While it’s certainly true that my mom’s parents spoiled every one of their grandkids, I like to think I got the best of them. Being the first grandchild meant I didn’t have to share my Abuelo and Abuela Garcia with anyone until the next grandkid joined the party. Abuelo was my knight in shining armor; he was my protector and always played the role of prince in the reenactment of whatever Disney princess movie I decided to stage on a given day.
Abuela though? She was my BFF. She made me a quesadilla and Choco Milk every night before bed and served both just the way I liked them: the milk cold and the cheese Kraft American singles because grandmas don’t judge you for having shitty taste. She always let me borrow her favorite puffy vest, even though on me it was a weird floor-length frock that made me look like one of the three chipmunks. She applauded me when I insisted on performing daily dance shows to the Siempre en Domingo soundtrack, cheering when I made my grand, dramatic AF entrance to Veronica Castro’s Macumba and pretending to be wowed by every such performance then dancing with me for hours while the other tracks played. When I thought I was a dwarf from Snow White, she let me march up and down the yard with a shovel over my shoulder yelling “high home, high HOME!” It was years before someone let your girl know those weren’t actually the lyrics.
During these shenanigans and a myriad of others, my grandmother always had a smile on her face. She was patient and kind and nurturing. She was the pacifist of the family, always wanting everyone to get along and doing everything in her power to maintain a sense of balance and harmony. She never raised her voice and generally just went with the flow. She was the embodiment of sweetness.
Then one day just over fifteen years ago, my grandparents were on a trip to Mexico when Abuela fell suddenly and severely ill. She was hospitalized in their hometown of Guadalajara, Jalisco and suffered through one test after another. She was grilled as to her lifestyle and dietary habits until at last she was diagnosed with cirrhosis. We were all surprised since she had never been a drinker but were relieved to finally know what was wrong. That was until the next wave of bad news came: Abuela’s liver was failing and she’d need a transplant to survive.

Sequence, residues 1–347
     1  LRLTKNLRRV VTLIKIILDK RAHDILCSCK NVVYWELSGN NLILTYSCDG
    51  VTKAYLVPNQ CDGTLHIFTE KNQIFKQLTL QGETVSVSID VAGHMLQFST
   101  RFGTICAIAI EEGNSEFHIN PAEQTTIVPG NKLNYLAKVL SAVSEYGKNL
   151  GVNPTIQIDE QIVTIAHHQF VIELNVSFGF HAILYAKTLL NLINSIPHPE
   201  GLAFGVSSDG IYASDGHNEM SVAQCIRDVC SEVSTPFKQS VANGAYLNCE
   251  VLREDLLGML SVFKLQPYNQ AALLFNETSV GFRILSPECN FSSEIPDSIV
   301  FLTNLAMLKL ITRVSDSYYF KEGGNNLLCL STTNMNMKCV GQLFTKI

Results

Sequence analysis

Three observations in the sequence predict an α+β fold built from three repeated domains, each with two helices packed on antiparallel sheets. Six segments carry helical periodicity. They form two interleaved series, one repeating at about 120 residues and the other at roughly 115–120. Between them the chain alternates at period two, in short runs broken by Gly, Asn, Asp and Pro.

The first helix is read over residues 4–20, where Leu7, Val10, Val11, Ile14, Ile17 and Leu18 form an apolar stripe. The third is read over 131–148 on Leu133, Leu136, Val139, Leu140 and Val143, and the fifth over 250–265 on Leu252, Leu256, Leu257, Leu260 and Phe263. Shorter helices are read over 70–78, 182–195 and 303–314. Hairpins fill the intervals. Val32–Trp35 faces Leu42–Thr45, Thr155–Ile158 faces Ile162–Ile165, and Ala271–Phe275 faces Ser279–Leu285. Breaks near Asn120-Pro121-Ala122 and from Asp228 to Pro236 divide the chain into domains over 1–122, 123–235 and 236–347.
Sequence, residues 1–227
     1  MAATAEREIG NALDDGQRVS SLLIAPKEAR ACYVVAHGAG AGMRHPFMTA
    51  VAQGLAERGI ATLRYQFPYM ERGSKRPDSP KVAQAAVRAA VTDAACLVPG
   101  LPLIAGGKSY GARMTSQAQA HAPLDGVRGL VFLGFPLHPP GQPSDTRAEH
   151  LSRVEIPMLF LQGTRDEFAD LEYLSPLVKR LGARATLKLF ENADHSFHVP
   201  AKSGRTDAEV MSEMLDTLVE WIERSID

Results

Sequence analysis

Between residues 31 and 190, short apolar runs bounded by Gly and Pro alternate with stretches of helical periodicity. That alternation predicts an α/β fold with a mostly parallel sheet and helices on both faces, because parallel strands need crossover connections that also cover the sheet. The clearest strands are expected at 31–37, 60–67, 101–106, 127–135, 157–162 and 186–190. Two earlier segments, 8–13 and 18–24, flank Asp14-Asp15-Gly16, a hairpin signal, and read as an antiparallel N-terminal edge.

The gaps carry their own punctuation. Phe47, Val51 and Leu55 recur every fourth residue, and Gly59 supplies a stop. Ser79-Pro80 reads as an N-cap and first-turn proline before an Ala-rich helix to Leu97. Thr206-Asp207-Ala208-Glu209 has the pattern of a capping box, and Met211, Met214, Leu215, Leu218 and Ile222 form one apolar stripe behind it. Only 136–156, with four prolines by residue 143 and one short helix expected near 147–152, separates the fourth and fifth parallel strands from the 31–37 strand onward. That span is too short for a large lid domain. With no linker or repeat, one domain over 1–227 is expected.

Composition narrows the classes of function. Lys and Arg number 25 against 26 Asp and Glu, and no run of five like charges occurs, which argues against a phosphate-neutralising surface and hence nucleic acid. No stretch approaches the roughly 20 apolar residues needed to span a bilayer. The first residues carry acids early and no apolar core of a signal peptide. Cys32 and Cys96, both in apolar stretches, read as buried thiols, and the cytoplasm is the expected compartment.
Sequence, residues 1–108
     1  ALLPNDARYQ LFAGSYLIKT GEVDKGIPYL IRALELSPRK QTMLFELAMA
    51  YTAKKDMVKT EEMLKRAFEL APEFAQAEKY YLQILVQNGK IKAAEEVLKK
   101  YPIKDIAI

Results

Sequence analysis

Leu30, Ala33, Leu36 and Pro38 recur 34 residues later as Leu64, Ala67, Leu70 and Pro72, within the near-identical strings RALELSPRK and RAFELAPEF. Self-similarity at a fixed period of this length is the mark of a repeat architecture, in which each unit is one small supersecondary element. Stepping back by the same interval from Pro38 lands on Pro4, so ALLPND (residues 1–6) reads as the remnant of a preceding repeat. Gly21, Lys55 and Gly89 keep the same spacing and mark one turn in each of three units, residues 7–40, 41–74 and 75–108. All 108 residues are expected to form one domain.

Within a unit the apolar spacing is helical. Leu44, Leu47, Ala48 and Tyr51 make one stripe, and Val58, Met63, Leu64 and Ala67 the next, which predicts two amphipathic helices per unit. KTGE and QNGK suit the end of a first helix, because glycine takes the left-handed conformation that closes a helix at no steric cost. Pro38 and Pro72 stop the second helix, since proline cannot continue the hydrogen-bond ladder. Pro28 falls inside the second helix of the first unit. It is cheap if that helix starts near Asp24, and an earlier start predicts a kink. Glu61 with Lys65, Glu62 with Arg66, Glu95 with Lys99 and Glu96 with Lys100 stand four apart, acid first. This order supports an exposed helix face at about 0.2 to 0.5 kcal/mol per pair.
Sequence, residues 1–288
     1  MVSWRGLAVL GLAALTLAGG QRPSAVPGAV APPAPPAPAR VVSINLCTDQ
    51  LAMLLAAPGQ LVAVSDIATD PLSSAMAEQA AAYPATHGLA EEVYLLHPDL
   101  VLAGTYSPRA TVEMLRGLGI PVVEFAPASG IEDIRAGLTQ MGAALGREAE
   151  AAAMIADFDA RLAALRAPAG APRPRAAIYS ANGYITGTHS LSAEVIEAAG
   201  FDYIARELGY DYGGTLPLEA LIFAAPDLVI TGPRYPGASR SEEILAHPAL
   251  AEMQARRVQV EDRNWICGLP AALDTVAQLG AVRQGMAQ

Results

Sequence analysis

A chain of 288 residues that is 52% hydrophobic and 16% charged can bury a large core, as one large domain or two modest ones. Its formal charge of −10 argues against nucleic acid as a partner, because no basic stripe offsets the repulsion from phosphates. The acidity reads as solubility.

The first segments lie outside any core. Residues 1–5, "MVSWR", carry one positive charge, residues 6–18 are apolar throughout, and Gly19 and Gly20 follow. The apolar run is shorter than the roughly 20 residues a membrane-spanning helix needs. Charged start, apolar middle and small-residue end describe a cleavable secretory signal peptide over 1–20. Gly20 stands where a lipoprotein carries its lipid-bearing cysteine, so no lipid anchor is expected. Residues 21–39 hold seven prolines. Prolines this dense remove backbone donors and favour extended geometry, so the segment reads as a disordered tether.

She was brought to a hospital back in the states and immediately placed on the transplant list. We waited. I remember visiting her in the hospital that first time and having to fight from gasping aloud. My sweet, vibrant, ever-smiling Abuela was sick. Her sallow skin stretched tight across her cheekbones and her tiny, shrinking figure seemed swallowed up by the hospital bed. Her abundant positivity wasn’t enough to hide the jaundice of her skin and the complete exhaustion in her eyes. It frightened me.
Then one day in a bittersweet turn of events, a family friend’s tragedy became my grandmother’s saving grace. Thanks to a direct donation on behalf of that family, Abuela finally had a liver. The transplant ensued and was an overall success; she’d need constant meds and would have to avoid certain foods for the rest of her life, but she would survive. We learned a lesson then that we’ve been reminded of a few times in the years that followed: Maria Luisa Villegas is a force.
A note of clarification: you may have noticed that I referred to my grandparents as my Abuelos Garcia earlier, but just now gave my grandmother’s name as Maria Luisa Villegas. My grandfather’s last name is Villegas and my grandmother’s maiden name was Torres, and they are indeed both the biological parents of my mother and her four siblings. Each of these five children list Garcia as their last name on their birth certificates. So where did the Garcia thing come from? Hell if I know. There’s a story there, clearly, but the versions of it that I’ve been given vary every time and are riddled with plot holes. I’ll keep you posted if I ever find out that I’m secretly related to a rich and famous family or, you know, El Chapo. Back to my story.
I don’t think any of us knew back then how formidable a force my grandmother would turn out to be. In the weeks and months following the transplant, we all began to detect some… changes. Abuela’s doctor mentioned this possibility prior to the surgery: there are studies suggest that transplant patients often take on some of the characteristics of their organ donors. In spite of the warning, I’ll be the first to tell you that I was wholly unprepared. To put it bluntly: Abuela is kind of bitchy now.